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This entry was posted on 26th January 2012 by ran.
The first documented evidence of the existence and use of a hearing aid dates back to the 16th century. Its inventor is unknown but many sources from that time discuss several hearing aid devices. In 1588, in his book Magia Naturalis, Giovanni Porta describes hearing aids in the form of animal ears. Later on, other sources talk about horns, trumpets, speaking tubes and various devices worn around the body. However, these were hardly mass manufactured but more likely custom made for specific clients.
In 1800, Frederick C. Rein established in London the first company for commercial manufacture of hearing aids. The hearing aids he offered were non-electric and include acoustic urns, speaking tubes and ear trumpets.
Soon after, in 1836, Alphonsus William Webster patented a curved earpiece worn behind the ear, known as the first British patent for a hearing aid. Even more patents were issued in the upcoming decades. One belonged to James A. Maloney for his ear trumpet with a diaphragm earpiece in 1887. With the beginning of the 20th century hearing aid research and the associated industry developed rapidly. In 1923, vacuum tube hearing aids were introduced and in 1934 they were upgraded to operate with batteries.
In the early 1950s, the vacuum tube hearing aids were replaced with the transistor hearing aids. These led on to the development of the behind the ear and the eyeglass temples models, which in 1954 were already electronic. In 1955, in the ear hearing aid was introduced.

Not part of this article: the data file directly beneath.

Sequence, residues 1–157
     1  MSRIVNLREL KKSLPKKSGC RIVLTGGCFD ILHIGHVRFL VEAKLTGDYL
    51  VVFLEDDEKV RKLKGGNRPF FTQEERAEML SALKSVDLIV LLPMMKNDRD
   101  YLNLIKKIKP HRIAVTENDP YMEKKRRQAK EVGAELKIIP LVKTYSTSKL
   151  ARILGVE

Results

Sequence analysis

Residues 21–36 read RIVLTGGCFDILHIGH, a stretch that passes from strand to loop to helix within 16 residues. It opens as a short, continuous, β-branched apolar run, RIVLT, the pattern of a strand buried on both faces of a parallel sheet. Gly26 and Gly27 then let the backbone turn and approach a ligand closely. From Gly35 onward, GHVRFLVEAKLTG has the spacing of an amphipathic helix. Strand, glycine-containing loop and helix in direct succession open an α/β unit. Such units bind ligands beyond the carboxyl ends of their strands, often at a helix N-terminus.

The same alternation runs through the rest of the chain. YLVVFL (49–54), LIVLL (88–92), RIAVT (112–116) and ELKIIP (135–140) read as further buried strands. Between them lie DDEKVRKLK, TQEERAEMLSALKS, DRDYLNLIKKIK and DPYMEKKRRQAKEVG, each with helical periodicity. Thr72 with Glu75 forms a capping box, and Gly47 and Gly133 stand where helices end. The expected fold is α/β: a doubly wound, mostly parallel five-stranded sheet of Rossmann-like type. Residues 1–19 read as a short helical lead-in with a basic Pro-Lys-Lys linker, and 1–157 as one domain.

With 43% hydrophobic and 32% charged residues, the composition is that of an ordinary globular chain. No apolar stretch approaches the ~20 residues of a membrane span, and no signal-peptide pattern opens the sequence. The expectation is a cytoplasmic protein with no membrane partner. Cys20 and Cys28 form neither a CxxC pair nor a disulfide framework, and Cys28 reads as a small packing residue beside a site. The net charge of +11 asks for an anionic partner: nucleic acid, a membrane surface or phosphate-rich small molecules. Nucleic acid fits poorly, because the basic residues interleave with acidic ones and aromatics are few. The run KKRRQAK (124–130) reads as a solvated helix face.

From the 1970s onwards, the hearing aid models began to resemble the modern devices for hearing impairment we know today. The introduction of the electret/FET microphone played an important role in every hearing aid thatmeant that the receiver and the microphone could be kept in one case as forbehind the ear, in the ear and in the canal hearing aids.
The invention of in the canal hearing aid in 1983 was followed by the completely in the canal hearing aid introduced in 1993. Soon after, in 1996, the first successful digital hearing aid device was a fact.
By 2005, 90% of the hearing aid fittings used digital signal processing technology as opposed to the analogue technology.
Nowadays, hearing aids are various and the most common types include behind the ear, in the ear, in the canal, completely in the canal, open fits, receiver in the ear, body worn, bone conduction, CROS, BiCROS and disposable hearing aids.
What is the difference between analogue and digital hearing aid?
Analogue hearing aids, also called conventional, essentially make sound waves louder and amplify all sounds without discriminating between them. Analogue hearing aid devices are made of electronic parts and include a microphone that amplifies the sound and sends it to a receiver (a small loudspeaker) to reproduce it. Some analogue devices can be programmed depending on the environment, such as a quiet place like a museum or a noisy place like a cafe. The different programmes can be changed by pushing a button. Analogue hearing aids are not so common today although they are the cheapest type of hearing aid.
Digital hearing aids use computer chips to convert the sounds into digital signals and thus reproduce them exactly. They are very flexible and can be programmed to fit a particular person’s hearing loss or change in the level of the hearing loss. Many digital hearing aids also adjust automatically the sound level and consider different sound environments. The complex computer processing allows differentiation of sounds such as noise and speech and can reduce background noises.
This entry was posted in Hearing Aids on 26th January 2012 by ran.
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